- Behavior Therapy is the application of techniques intended to create behavioral changes that are based on the principles of the conditioning theories of learning.
- These are characterized by multiple theories and techniques.
- The foundation is in Pavlov's classical conditioning, Skinner's operant conditioning and Bandura's Social Learning theaory.
- Skinner: behavior can be empirically investigated only through the measurement of observable behavior
- Withholding reinforcement = extinction
- This paradigm also includes Cognitive Behavior approaches
- All behavior is learned and can be defined and changed
- Change occurs by rearranging "contingencies of reinforcement" - altering what happens before and after the behavior
Social Learning Theory: Comprised of 3 elements
- Target Behaviors (the target of change)
- Anticedent behaviors or events (events that precede the behavior)
- Consequences (events that follow the behavior)
Behavior Therapy Paradigm A-B-C
A (anticentent) ->B (behavior) -> C (consequences)
- In treatment the client(s) must identify DESIRED behaviors not just the undesired
- Coercive Process - negative reinforcement, the termination of a behavior (threats) upon occurrence of the desired behavior (compliance)
- Information processing- acquisition, storage and utilization of information (includes perception, language and memory).
- Beliefs and Belief Systems- ideas attitudes and expectations about self, others and experience
- Self Statements- private monologues that influence behavior and feelings
- Problem solving and coping - conceptual and symbolic processes involved in arriving at effective responses to problematic situations.
Behavioral Social Work Practice: goal is to increase desireable behavior and decrease undesirable behavior so the client can improve daily functioning.
- Focus on the here and now
- Build on client strengths
- Etiology of behavior is not investigated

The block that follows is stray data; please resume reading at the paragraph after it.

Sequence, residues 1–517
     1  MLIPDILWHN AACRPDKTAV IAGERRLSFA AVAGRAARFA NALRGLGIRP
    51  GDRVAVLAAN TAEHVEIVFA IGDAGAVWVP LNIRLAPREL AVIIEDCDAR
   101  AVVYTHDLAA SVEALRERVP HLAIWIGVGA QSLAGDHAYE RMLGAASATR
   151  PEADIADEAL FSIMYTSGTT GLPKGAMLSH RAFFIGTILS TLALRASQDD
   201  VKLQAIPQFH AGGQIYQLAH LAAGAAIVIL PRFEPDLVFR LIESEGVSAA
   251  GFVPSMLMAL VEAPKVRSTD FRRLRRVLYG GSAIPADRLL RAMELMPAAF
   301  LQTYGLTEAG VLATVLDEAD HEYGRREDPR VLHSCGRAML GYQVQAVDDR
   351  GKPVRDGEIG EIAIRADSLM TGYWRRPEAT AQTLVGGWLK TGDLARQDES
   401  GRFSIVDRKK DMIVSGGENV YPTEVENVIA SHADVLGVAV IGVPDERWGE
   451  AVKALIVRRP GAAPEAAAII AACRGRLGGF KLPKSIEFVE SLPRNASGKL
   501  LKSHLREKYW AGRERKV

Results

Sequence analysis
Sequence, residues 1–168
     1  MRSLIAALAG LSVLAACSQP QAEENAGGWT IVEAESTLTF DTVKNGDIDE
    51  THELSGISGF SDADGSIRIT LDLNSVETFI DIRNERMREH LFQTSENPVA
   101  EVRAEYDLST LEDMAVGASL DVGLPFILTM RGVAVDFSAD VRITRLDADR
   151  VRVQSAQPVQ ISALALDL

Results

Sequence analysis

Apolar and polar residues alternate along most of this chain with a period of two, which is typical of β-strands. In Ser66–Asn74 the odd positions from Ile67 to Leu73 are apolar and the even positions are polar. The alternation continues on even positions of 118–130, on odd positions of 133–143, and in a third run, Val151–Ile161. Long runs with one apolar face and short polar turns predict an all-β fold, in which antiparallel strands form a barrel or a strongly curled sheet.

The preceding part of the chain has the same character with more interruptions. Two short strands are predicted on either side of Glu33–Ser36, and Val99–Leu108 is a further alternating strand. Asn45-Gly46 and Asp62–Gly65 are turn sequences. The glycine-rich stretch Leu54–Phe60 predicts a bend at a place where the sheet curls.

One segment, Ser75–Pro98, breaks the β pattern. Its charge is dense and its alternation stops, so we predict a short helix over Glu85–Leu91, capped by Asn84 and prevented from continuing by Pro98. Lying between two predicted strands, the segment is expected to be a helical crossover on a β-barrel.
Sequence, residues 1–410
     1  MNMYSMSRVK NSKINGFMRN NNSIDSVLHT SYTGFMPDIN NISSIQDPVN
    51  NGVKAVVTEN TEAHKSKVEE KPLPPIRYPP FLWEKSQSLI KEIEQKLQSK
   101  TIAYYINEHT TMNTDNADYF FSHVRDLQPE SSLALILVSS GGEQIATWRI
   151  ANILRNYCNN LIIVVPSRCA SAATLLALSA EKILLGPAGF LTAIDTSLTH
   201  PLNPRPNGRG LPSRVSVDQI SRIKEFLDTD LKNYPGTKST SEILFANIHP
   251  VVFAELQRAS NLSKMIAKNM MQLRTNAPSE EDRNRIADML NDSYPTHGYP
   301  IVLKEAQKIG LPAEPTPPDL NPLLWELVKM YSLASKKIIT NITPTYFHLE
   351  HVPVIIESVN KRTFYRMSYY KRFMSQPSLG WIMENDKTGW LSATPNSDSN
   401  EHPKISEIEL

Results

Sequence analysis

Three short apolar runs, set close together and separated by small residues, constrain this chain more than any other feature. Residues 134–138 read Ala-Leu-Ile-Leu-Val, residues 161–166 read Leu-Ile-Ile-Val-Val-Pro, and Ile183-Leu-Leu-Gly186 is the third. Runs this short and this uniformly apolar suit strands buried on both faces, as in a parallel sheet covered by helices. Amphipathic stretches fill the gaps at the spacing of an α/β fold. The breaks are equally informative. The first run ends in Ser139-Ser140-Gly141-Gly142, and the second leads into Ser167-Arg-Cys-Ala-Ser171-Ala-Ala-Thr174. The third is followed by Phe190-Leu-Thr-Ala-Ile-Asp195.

- Traditionally a diagnostic label was not pursued and thought of as stigmatizing but with current approaches, there is more integration of diagnostic classifications (likely due to requirements from insurance companies)
- Build a strong therapeutic relationship
- Involve the client as much as possible in each step of the assessment/intervention
- Identify problematic behavior (perception of who does what)
- Identify priorities, antecedents & consequences
- Identify contingencies
- Identify recurrent patterns
- Secure a commitment
- Begin to identify targets (desireable behaviors)
- Discuss possible targets
- Allow time for all family members to present concerns (if applicable)
- When targets are established, set conditions for a baseline measure
- Determine if assessment indicates a change, does one or more participants require more attention (i.e. should it be couples therapy rather than family therapy?)
- Identify target behaviors
- Establish new antecedents
- Establish new consequences
- Formulate a written contract
- Follow up call
- Reference contract, any changes require a consensus from family/clients
- Check tally (in families parents usually tally target behaviors) provide positive reinforcement
- Discuss problems between sessions
- Conflict resolution
- Evaluate program design
- When target behaviors reach desired frequency, move toward termination
- Evaluate progress
- Set conditions for maintenance
- Review basic learning principles
- Have family continue tally for 4 weeks
- Set up appt at 4 weeks for termination and f/u
- Very helpful for anxiety, depression, phobias, addiction, sexual dysfunction, relationship issues.
- Often paired with systematic desensitization
- Most recommended treatment for Phobic Disorders
- Also indicated for social skills training, hyperactivity, developmental problems
- Interventions must consider cultural issues and differences
- Empirically validated
- Sometimes combined with pharmacotherapy
- Need to maintain a record of what approaches work most effectively with what problems
Adapted from Social Work Treatment by Francis J. Turner, 4th Ed.